The long queues at the under construction Kazungula road and rail bridge show the pressure contractors face to finish the project and allow smooth transition of goods between countries. Desperate faces of those eager to cross over torment them every day. The deal to construct the bridge was announced by Zambian and Botswana governments in August 2007. The construction started in 2014 and the expected date of completion is October 2018. The construction of the bridge is worth US$ 259.3 million and at completion it will be 923m long and 18.5m wide. It is curved to avoid the nearby borders of Zimbabwe and Namibia. With construction underway crossing through to the other side takes hours and runs even into days. Trucks wait in a long queue for their turn to cross the river by a ferry to Zambia. As things are, truckers come prepared for long hours of wait which takes even having to sleep at the place in some cases.
The flipside has been the blossoming sex trade in the area. One truck driver Wilson Chuma always passes through Botswana transporting goods from South Africa. He has had to endure the waiting for days to get his turn. At the time of this interview with him he had been waiting for three days. On whether he sometimes involved in the illicit sex trade Chuma said he does not do that himself but could not deny that those things happen. "One thing that people need to understand is that we do not go around looking for these ladies to come and sleep with them. They are the ones who come to us and they will start knocking on our windows," he said. He said even though some men do buy, it is not something that is as rampant as someone might think. He said that they can't sleep in peace with ladies hovering over their windows offering sex for money. He said some of them have accepted their job situation and will just stay the few days without engaging with anyone because they have families. Commenting on the sex trade one of the policewoman said they know about it, saying the women do not only come from Kazungula and Kasane but some are from Zimbabwe and Zambia as well.
Another common trade in the area involves purchasing of supplies from the Choppies Store in Kazungula by Zambian women who then cross over to sell to their local communities. They mostly buy bags of maize meal, cooking oil, pasta and others. Luyando Mapenzi (29) said that she has three children, and without a husband she has to do whatever that it takes to be able to survive. She looked exhausted, all sweaty and but carrying bags of food on her back. "Being close to Botswana has offered some of us an opportunity. I buy these foodstuffs to able to sell in my community with cups. Choppies in Kazungula is where we buy all these because it is not far," she said. As she sat down to wait for the ferry, Mapenzi looked down quietly and said she has to come to Botswana almost every week to buy the stuff, or two weeks if she managed to buy more. Giving a forced smile, she said despite doing what might look hard to the person next door, she is grateful because she does something decent and is not stealing from anyone or prostituting herself.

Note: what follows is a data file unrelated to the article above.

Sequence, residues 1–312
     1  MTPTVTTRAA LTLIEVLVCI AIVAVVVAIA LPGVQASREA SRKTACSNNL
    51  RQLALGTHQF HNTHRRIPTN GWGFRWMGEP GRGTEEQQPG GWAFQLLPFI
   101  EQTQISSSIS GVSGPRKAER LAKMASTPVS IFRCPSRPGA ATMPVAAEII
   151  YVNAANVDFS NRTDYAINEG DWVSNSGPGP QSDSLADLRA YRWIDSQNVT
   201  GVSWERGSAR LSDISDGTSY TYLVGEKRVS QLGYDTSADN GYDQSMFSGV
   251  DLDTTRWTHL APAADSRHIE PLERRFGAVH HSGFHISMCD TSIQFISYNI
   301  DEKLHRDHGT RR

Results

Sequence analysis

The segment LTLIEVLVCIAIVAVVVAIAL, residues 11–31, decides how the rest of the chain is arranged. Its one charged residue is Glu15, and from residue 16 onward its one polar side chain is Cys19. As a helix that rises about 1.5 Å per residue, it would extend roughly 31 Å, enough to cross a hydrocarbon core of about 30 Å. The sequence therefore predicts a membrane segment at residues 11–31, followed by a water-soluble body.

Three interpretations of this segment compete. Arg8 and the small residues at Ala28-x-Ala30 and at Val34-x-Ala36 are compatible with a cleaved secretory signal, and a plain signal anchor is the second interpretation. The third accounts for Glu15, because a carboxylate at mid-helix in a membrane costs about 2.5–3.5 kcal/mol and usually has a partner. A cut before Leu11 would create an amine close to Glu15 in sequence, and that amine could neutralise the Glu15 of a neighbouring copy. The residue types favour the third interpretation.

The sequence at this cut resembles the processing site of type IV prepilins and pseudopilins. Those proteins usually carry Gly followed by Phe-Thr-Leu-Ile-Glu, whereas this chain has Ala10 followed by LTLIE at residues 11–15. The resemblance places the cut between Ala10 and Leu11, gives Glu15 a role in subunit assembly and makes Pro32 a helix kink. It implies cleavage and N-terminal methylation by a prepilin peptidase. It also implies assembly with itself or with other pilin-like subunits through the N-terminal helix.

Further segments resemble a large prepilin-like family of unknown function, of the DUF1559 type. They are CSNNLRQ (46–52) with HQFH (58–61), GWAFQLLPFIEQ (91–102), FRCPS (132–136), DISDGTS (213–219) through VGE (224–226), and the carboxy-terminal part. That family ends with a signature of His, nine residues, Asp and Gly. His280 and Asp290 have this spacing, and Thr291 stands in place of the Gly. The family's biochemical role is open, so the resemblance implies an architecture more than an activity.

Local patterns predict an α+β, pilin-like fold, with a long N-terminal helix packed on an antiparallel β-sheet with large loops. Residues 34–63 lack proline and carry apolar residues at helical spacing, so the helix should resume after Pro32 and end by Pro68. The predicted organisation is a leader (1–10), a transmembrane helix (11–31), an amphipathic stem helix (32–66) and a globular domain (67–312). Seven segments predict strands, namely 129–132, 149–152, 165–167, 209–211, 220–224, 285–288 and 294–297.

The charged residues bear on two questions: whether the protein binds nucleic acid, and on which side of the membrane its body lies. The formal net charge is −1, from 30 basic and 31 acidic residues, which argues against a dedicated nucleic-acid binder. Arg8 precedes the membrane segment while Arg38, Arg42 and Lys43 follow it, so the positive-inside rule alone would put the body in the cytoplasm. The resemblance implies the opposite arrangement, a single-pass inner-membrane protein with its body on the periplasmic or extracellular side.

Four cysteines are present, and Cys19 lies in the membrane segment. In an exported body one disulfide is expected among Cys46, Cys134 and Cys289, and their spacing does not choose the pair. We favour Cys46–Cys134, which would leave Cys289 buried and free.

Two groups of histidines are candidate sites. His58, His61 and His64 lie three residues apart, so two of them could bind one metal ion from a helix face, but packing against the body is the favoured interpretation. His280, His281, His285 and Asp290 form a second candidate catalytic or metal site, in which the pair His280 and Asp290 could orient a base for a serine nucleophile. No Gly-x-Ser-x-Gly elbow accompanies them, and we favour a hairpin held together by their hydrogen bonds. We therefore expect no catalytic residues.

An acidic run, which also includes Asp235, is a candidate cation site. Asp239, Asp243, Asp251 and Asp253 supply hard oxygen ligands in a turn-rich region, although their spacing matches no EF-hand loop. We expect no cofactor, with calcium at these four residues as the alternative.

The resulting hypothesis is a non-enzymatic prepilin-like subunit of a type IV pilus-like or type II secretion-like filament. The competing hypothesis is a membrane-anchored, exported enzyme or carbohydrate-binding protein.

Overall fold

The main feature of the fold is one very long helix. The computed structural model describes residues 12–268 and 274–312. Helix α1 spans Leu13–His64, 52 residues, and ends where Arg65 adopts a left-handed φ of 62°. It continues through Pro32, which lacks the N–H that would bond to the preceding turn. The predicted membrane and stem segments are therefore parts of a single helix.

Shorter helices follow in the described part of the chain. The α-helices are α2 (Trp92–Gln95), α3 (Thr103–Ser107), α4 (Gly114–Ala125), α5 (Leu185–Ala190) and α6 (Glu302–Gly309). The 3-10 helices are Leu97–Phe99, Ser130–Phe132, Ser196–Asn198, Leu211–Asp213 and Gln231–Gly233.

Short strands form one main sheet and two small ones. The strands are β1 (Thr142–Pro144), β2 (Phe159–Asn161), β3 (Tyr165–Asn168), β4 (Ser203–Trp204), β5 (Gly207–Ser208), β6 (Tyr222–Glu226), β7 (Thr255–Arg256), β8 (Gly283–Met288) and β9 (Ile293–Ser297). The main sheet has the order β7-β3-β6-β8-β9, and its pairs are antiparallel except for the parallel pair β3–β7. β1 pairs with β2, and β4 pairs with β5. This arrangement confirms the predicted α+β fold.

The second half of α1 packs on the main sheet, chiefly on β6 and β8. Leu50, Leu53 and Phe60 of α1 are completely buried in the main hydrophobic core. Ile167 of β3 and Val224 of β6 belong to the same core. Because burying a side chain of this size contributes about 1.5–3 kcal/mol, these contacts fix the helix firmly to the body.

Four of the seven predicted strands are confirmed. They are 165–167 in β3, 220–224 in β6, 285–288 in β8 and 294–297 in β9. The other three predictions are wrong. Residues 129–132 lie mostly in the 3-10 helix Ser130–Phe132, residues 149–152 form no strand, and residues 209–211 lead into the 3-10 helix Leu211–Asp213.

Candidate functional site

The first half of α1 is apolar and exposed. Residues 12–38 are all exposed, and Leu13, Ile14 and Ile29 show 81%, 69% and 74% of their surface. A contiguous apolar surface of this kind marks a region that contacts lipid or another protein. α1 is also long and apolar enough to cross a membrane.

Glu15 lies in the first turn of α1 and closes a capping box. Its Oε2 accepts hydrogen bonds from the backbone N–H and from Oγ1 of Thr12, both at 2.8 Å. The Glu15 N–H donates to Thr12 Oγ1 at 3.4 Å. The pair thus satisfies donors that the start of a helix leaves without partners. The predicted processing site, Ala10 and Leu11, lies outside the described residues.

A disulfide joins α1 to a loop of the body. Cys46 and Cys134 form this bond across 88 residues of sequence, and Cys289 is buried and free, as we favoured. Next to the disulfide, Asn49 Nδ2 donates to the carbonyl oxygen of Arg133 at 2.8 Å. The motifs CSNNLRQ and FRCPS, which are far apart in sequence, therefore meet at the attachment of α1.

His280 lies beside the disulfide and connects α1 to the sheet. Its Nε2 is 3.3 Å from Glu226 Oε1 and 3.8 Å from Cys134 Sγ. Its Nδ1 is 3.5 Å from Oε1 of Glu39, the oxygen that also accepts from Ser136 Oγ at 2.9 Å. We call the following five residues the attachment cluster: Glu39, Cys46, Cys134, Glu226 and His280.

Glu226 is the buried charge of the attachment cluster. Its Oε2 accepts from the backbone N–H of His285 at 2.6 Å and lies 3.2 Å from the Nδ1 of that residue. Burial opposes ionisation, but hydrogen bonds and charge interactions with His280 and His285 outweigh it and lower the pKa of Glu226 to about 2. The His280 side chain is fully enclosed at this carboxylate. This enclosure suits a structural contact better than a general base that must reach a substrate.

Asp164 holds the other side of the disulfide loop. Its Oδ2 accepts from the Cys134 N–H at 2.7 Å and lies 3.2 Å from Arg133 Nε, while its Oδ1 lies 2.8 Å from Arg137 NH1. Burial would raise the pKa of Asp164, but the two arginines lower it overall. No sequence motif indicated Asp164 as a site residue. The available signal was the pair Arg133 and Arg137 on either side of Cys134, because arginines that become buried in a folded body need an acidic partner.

A young man Mubanga Sitale has also found a niche for himself - transporting the women's goods to the ferry through his bicycle. Instead of loading at the back and riding on it, Sitale uses the whole bicycle for loading and then pushes it to the ferry. For his business Sitale has to go cross the border every day, and that means his passport being stamped every day. He makes about 200 kwacha per day. "I don't have any problem. I am surviving and that is all I am grateful for. My passport is stamped every day and when it gets full I easily get another one," he said. On what he will be doing when the bridge is completed Sitale is not that bothered, saying he looks forward to any opportunity that will arise. Many Batswana and tourists just visit the bridge to see the beauty coming out of the construction work being done.